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THE STIMULUS….From the same Washington Post article about the Bush economic record that I quoted below, we also have this:

“The expansion was a continuation of the way the U.S. has grown for too long, which was a consumer-led expansion that was heavily concentrated in housing,” said Douglas Holtz-Eakin, a onetime Bush White House staffer and one of Sen. John McCain’s top economic advisers for his presidential campaign. “There was very little of the kind of saving and export-led growth that would be more sustainable.”

“For a group that claims it wants to be judged by history, there is no evidence on the economic policy front that that was the view,” Holtz-Eakin said. “It was all Band-Aids.”

Agreed — and this is what continues to niggle at the back of my mind. A big stimulus package is all well and good, but suggestions that it should be even bigger and badder than Obama has proposed make me wonder what the end game is. Paul Krugman, for example, criticizes the $800 billion plan on the grounds that it will only make up for part of the output gap caused by the recession, not all of it. But aside from the practical question of whether we could effectively spend double the amount Obama is proposing anyway, I guess I wonder if we should even be trying to make up the entire output gap with domestic spending. Because there really is some readjustment that needs to happen in the medium term.

For years now the the skyrocketing U.S. trade deficit has been Topic A among economists. The big fear was that the Chinese were shipping us goods and we were shipping them back treasury bills, and this couldn’t last forever. Eventually the Chinese would tire of stockpiling treasuries, the dollar would crash, and all hell would break loose. In the end, that’s not what happened, but it was still the trade deficit that was at the heart of our problem: American consumers went into deep debt to buy all those Chinese goods, the savings glut from China and elsewhere poured into the American housing market, and eventually the music stopped. The dollar didn’t crash, but housing and the American consumer did.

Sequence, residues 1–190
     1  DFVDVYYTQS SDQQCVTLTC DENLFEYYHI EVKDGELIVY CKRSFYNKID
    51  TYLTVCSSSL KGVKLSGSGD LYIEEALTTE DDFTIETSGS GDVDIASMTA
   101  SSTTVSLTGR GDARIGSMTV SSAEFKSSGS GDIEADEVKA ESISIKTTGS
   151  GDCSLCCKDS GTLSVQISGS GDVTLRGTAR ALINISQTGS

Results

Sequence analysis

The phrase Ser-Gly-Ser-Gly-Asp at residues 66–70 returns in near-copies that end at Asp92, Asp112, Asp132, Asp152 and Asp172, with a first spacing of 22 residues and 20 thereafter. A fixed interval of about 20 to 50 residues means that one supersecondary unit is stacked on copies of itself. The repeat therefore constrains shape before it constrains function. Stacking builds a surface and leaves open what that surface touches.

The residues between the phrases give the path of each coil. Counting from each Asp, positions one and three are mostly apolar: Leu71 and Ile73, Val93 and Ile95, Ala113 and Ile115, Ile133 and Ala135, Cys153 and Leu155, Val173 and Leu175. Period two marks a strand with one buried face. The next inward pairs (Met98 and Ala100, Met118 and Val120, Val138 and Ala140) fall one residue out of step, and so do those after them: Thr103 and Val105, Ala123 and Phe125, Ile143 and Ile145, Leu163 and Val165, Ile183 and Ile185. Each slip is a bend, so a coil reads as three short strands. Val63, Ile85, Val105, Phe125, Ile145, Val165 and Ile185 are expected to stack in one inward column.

But the dollar could yet crash, because one way or another the books have to balance. Americans have to consume less and export more. Keeping American output high is important, but one way or another American consumption has to fall and Chinese consumption has to grow. If a gigantic stimulus plan keeps output high but also keeps consumption high, then it’s just another Band-Aid.

So what’s the end game? Hardly anyone wants to talk about it. And I feel sort of stuck. I’m not an economist myself, and virtually every economist I respect is on board with the idea that the Obama stimulus package is, if anything, too modest. It should be twice as big and last twice as long. Better safe than sorry. That’s hard to argue with, but I still wonder where it’s going to leave us in a few years. With a nice soft landing as the dollar rises but doesn’t implode, or at the top of yet another bubble waiting to pop?

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Minority rule, corruption, disinformation, attacks on those who dare tell the truth: There is a direct line from what's happening in Russia and Ukraine to what's happening here at home. And that's what MoJo's Monika Bauerlein writes about in "Their Fight Is Our Fight" to unpack the information war we find ourselves in and share a few examples to show why the power of independent, reader-supported journalism is such a threat to authoritarians.

Corrupt leaders the world over can (and will) try to shut down the truth, but when the truth has millions of people on its side, you can't keep it down for good. And there's no more powerful or urgent argument for your support of Mother Jones' journalism right now than that. We need to raise about $450,000 to hit our online fundraising budget in these next few months, so please read more from Monika and pitch in if you can.

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